TSRC: Open House & Tribute to Co-Founder

TSRC: Open House & Tribute to Co-Founder

Don’t miss the tribute to Stephen Berry, co-founder of TSRC (Telluride Science Research Center) and chemistry professor at University of Chicago, given by a former PhD student of his, John Tully. There will be a slideshow of early pictures forming TSRC, an overview on the history and the accomplishments of Berry. Afterward, the public is invited to walk around the Elementary School where conferences are held and see what really goes on within the organization. 


Telluride Science Research Center (TSRC) will host an Open House and tribute to co-founder Stephen Berry. The event takes place Tuesday, June 23, 6:00 p.m. in the Telluride Elementary School gym. As part of the tribute to Berry, John Tully, former PhD student of Berry’s at the University of Chicago and currently Sterling Professor of Chemistry at Yale, will talk about the history of TSRC and Berry’s contributions to science, TSRC, and Telluride. Admission is free.

Not only is science collaborative, but discussion, debate, and discovery are imperative to innovation and the progress of ideas in the field. And there’s nothing like Telluride’s San Juan Mountains as a backdrop to foster collaborative scientific discussion. The setting is intimate and anxiety free.

At least that’s what Berry, professor of chemistry at University of Chicago, and Peter Salamon, mathematics professor at San Diego State University, thought in 1984 when they founded TSRC.

Back then, TSRC included one workshop and 18 scientists in a small schoolroom, focusing on the theoretical science of finite-time thermodynamics. Today, more than 1,500 leading international scientists representing 100 different countries attend over 100 conferences on many aspects of molecular science during the summer months in our box canyon.

“Stephen and Peter brought the people here, they were excited about it, and they ran the meetings in such a way that everybody enjoyed them, more than enjoyed them, everyone exchanged ideas and made it a profitable and stimulating experience,” said Tully.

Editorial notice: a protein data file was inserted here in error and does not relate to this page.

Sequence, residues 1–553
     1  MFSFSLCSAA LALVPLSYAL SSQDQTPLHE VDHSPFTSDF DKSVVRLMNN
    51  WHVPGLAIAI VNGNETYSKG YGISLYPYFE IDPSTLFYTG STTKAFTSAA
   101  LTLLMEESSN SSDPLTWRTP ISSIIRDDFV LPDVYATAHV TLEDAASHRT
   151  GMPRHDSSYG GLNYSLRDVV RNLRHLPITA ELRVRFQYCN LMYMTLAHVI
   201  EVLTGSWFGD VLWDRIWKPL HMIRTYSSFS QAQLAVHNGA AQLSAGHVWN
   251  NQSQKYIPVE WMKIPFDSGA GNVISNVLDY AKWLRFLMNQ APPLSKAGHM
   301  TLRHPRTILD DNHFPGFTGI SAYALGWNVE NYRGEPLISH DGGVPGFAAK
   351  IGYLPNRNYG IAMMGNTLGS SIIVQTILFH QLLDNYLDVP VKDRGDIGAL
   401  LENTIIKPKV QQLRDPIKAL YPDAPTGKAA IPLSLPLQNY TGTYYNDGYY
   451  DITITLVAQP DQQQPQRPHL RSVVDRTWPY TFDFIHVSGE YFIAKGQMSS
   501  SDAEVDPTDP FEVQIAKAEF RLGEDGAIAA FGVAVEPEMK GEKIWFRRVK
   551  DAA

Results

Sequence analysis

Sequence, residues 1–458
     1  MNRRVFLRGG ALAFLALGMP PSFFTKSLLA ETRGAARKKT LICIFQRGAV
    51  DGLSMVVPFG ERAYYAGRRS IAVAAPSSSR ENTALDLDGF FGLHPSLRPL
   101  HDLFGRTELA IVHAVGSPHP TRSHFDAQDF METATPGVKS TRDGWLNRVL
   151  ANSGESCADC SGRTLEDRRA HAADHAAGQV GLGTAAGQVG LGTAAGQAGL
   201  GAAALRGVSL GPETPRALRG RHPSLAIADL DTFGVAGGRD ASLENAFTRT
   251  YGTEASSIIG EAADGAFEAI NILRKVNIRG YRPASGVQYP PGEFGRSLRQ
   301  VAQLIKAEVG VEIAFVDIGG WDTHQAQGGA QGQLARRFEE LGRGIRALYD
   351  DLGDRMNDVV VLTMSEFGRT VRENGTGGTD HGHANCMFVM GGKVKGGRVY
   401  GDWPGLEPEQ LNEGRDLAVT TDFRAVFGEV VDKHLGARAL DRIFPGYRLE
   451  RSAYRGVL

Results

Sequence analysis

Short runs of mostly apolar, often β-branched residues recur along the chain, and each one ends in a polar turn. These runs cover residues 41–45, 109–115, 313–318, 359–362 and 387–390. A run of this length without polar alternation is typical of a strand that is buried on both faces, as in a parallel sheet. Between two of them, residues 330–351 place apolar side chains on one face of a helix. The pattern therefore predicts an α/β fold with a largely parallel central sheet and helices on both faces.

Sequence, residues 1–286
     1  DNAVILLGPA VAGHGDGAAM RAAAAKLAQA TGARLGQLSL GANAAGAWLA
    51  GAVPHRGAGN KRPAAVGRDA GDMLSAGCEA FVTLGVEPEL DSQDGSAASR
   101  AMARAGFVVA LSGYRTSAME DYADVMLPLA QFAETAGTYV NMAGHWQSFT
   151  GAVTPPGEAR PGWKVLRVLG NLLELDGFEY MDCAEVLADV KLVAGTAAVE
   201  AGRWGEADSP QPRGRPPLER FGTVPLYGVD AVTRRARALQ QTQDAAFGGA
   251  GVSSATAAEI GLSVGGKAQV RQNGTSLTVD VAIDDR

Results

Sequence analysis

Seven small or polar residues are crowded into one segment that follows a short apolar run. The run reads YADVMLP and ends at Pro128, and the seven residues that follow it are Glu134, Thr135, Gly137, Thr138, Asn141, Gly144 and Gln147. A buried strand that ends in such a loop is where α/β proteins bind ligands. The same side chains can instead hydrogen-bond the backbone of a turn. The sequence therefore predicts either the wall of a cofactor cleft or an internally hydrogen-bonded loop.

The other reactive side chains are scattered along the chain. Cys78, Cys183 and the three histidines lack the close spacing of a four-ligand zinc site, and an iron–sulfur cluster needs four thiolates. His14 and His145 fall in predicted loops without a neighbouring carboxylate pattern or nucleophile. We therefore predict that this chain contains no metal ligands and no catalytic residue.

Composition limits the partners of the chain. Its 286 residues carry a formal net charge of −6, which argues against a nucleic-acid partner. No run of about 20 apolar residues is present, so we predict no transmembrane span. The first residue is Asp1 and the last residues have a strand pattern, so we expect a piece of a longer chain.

The conferences grew quickly into what it is now a non-profit organization with a full paid staff and advisory committee. Within this structure, TSRC provides a space for scientists to organize their own meetings—gatherings for which they choose the participants, topics, and schedule. Scientists attending the workshops and conferences make the important decisions about their time in Telluride, not the umbrella organization.

Telluride Science Research Center is different from other conferences around the world because the emphasis is on collaboration on unfinished work, something rare in professional gatherings.

“It’s forefront science,” said Tully. “People aren’t just presenting a paper like they might at the American Chemical Society where the work is all done. Here, they’re presenting ideas and unfinished work, discussing it with other experts who have different outlooks. Everybody profits from that kind of exchange.”

In 1984, Berry and Salamon wanted a place to build connections within the molecular science community, across all disciplines, where open communication between junior and senior scientists was commonplace. With the growth of TSRC in the past 30 years, that vision has not changed. In fact, the commitment to these ideals has only grown stronger as more scientists share and contribute in the same venue.

As Tully says, “My measure for whether a conference or workshop was successful is whether when I get back I have a new idea to work on, and it’s always true from Telluride.”

Come celebrate Berry and the Telluride Science Research Center at the Open House and find out what truly goes on here during the summer months.

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